The absurdity of the bathtub standing alone made the fires real to me in a way they had not been before — and that realness made them sad in a way they had not been before. Suddenly, I could see that someone, probably not very long ago, had lived a whole life in a house that was now just the shadow of a shape in this newly dead country.
I sat there in the truck for a few minutes looking at the tub. There were no squirrels chattering, no cicadas singing; there were no cats sunning themselves on stoops or dogs barking in yards; there were no birds, not a single bird, not even a magpie or a raven, which was perhaps the most unnerving thing of all.
And, of course, there were no people. All the people were gone, evacuated, and everything about them was gone too. Their houses, yes, but also the things they did in those houses, and the things they put in those houses, and the things they did with those things: kitchens where meals had been eaten and beds where people had made love and chairs where books were read and paths where morning walks were taken and back rooms where arguments were had and gardens lovingly tended and living rooms where marriages had dissolved and desks where school reports were written up and the tree under which a beloved pet might be buried — all gone.
All of it. It’s all gone.
Climate change — and climate crises — are real, and here, and very much getting worse.
It’s hot when it’s supposed to be cold. It’s cold when it’s supposed to be hot. When it is cold, it’s too cold, and when it’s hot, it’s too hot. There’s record snowfall, record landslides and flooding. Did you know what an "atmospheric river" was before last year? Because I — a science reporter and person who spends a ton of time in the backcountry — absolutely did not.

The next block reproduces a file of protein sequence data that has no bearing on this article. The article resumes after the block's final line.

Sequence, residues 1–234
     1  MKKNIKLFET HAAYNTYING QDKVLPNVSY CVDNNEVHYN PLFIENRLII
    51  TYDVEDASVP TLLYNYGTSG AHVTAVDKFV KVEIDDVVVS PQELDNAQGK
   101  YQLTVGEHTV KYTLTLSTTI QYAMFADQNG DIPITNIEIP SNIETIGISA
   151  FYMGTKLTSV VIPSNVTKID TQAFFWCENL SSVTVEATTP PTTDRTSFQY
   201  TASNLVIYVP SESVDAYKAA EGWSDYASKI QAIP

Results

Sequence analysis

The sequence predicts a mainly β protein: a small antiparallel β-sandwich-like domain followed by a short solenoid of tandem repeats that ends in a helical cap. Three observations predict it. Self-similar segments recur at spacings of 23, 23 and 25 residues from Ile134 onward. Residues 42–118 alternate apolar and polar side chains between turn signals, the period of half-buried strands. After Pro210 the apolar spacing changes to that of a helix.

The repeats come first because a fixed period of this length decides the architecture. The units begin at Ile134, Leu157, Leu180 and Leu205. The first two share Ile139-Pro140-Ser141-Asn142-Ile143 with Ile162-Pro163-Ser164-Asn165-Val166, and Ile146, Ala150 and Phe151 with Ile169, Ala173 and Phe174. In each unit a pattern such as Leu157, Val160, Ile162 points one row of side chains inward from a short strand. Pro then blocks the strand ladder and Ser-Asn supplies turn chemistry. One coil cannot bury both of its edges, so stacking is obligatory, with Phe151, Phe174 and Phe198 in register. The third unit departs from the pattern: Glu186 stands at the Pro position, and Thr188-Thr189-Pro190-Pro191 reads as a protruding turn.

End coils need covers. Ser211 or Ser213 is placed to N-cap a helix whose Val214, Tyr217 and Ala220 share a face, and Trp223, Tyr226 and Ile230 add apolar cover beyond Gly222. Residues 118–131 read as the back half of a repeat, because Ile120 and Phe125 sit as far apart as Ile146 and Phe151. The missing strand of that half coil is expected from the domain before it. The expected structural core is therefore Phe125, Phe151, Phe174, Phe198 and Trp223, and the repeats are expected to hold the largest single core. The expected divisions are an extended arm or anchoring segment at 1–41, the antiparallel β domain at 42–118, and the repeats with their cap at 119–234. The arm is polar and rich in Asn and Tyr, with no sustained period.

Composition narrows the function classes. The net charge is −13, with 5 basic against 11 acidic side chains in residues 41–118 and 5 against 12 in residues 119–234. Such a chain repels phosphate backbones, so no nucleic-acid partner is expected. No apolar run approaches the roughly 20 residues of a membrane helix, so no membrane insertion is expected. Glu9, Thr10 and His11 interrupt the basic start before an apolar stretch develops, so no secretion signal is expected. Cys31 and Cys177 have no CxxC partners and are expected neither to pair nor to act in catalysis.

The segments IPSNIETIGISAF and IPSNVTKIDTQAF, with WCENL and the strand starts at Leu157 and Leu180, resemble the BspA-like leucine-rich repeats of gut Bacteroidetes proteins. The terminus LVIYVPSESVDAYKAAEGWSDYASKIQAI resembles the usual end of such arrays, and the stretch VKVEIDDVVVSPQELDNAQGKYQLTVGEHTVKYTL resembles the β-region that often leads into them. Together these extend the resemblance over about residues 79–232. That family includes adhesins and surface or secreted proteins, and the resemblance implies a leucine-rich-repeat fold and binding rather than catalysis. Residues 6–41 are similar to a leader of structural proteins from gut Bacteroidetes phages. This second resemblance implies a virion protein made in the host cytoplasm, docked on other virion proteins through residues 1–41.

And that’s just here, in B.C. That’s not the mudslides in Yellowstone, the blue penguins dying of heat-related starvation in New Zealand, or the fact that the arctic is warming seven times faster than the global average — all events which were reported in just the past few weeks.
It’s easy to think of these near-cataclysmic events as forces of nature that threaten both human and animal life. What is not as easy to see is that the danger is not simply about being caught in a landslide or drowning in a flooded river or burning to death in a forest fire — it’s about how climate crisis has, is and will continue to collide with the crises of our own, more direct, consumer-capitalist manufacturing.
British Columbia, like much of North America, is in the throes of a gutting housing crisis. Unless you are wealthy, there is little housing to buy, and if you cannot afford to buy, you must rent at exorbitant and steadily rising prices, with little control over the stability of your housing and the conditions in which you live.
The cost of living is rising — a matter directly related both to capitalist gouging, spurred both by the pandemic and the climate crisis itself — with inflation devouring any supposed gains made by increased wages. About one million people in B.C. — around a fifth of the province’s population — don’t have access to a doctor, and there is a critical shortage of mental health-care service (unless you can pay). Food insecurity, high gas prices and shortages of basic goods like baby formula, tampons and some drugs, including children’s Tylenol, are increasingly common.